Notably, in another Trump-era case, involving access to financial papers held by his accounting firm, Mazars USA, the Federal District Court judge assigned to that matter, Amit Mehta, was sensitive to the timing implications and took less than a month after the case was filed in April 2019 to hand down his opinion that Congress could get the records.

But a D.C. Circuit panel took about five more months before reaching that same result — a nominal win for Congress — in October 2019. Mr. Trump then appealed to the Supreme Court, which waited until July 2020 to send the case back down to Judge Mehta to start the litigation over again using different standards.

Separately, House Democrats have introduced legislation in response to the Trump presidency that would, among many other things, speed up lawsuits to enforce congressional subpoenas for executive branch information. Two people familiar with the matter said House Democratic leaders have indicated they plan to hold a floor vote on that bill before the end of 2021, though no date has been set; its prospects in the Senate are unclear.

A related important difference in secrecy disputes between the Trump era and the Jan. 6 White House papers case is that when Mr. Trump was president, his administration controlled the executive branch files Congress wanted to see.

Today, President Biden has refused to join Mr. Trump in invoking executive privilege, instead instructing the National Archives to give Congress the files unless a court orders otherwise. As a result, when it comes to government files, the default has flipped from secrecy to disclosure.

During the phase of the lawsuit before Judge Chutkan, she signaled that she was averse to judicial delay. During arguments last week, she rejected a suggestion by a lawyer for Mr. Trump that she examine each document before deciding whether executive privilege applied.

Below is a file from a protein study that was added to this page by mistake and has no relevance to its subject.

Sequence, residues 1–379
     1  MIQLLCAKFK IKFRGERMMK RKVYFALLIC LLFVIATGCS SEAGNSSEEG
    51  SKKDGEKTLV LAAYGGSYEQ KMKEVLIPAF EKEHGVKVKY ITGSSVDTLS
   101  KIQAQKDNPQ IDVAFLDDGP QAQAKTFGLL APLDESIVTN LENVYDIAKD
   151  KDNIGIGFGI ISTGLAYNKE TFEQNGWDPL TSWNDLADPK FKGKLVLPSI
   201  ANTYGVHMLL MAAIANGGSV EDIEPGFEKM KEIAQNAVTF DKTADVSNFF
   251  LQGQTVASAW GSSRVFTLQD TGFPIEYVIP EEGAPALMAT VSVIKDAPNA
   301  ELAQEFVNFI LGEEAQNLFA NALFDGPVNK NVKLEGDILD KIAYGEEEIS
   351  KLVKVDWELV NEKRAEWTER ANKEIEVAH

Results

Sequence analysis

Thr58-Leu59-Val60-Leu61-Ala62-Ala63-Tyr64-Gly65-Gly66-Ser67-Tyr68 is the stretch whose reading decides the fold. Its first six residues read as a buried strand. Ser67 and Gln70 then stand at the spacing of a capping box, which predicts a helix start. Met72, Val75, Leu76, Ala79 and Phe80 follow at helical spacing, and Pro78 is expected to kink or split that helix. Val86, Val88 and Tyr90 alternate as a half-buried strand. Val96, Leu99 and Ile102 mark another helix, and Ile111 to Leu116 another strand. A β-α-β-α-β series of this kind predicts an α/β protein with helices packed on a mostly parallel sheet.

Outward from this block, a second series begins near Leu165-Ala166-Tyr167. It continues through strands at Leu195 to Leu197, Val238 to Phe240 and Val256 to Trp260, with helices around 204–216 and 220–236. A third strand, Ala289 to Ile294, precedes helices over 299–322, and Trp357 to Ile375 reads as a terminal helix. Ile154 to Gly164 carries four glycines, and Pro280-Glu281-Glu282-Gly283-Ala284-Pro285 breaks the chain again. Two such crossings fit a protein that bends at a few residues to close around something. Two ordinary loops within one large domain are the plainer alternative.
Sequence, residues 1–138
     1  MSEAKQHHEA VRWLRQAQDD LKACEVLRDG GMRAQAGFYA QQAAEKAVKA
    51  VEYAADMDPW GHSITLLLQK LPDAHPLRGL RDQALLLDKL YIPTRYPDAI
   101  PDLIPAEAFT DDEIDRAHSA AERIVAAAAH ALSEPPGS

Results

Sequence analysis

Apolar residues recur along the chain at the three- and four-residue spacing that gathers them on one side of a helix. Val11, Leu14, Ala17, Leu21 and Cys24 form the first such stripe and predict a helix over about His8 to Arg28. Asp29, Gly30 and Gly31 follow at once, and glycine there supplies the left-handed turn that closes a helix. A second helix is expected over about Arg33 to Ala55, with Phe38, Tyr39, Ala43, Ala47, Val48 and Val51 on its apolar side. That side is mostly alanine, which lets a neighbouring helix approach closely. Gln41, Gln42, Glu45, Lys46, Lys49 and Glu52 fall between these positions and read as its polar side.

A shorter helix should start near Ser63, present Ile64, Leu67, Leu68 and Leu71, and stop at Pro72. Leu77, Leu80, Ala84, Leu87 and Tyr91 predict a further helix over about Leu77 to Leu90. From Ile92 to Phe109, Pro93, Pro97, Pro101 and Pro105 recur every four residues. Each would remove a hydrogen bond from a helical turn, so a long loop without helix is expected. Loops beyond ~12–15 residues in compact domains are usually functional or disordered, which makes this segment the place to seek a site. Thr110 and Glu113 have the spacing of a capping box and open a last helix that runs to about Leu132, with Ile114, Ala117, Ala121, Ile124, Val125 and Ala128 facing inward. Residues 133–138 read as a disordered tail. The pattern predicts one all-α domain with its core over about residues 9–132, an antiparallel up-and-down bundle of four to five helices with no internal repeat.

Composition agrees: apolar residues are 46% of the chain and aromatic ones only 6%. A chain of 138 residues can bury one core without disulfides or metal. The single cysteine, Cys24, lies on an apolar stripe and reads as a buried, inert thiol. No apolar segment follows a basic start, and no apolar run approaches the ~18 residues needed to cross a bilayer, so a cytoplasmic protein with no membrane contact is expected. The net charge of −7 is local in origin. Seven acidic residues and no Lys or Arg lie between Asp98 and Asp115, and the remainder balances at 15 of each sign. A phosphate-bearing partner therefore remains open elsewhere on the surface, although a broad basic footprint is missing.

“I don’t see any language in the statute or any case that convinces me that where a previous president disagrees with the incumbent’s assertion of privilege, that the court is required to get involved and do a document-by-document review,” she said, adding:

“Wouldn’t that always mean that the process of turning over these records, where the incumbent has no objection, would slow to a snail’s pace? And wouldn’t that be an intrusion by this branch into the executive and legislative branch functions?”

Justin Clark, the lawyer for Mr. Trump, responded that he did not think it would be an “unbearable burden” for the judiciary to review each disputed document to make sure that the Constitution was being followed.

The Biden administration’s control of the archival records left by the Trump administration does not, of course, extend to the information inside the heads of the former Trump aides and loyalists whom the Jan. 6 committee wants to testify. Mr. Trump has instructed them not to cooperate with the committee’s subpoenas.

Among those who defied the committee’s subpoenas is Stephen K. Bannon, a Trump ally who worked in the White House until August 2017. The House on Oct. 21 declared him in contempt of Congress and asked the Justice Department to prosecute him.

Any such charges are unlikely to result in swift testimony by Mr. Bannon. In addition to the questions over executive privilege, his case raises a novel twist since he was not an executive branch official at the time of the conversations with the president that lawmakers want to ask about.

Three weeks have passed since that referral and the Justice Department has made no decision about whether to proceed with such a legal process. At a news conference on Monday, Attorney General Merrick B. Garland declined to provide any update.

“This is a criminal matter,” he said. “It’s an ongoing examination of the referral and, as you know, the Justice Department doesn’t comment on those. We evaluate these in the normal way we do — facts and the law, and applying the principles of prosecution.”

Before Mr. Biden appointed him attorney general in March, Mr. Garland had served as a judge on the D.C. Circuit for 24 years.

Be the first to comment

Leave a Reply

Your email address will not be published.


*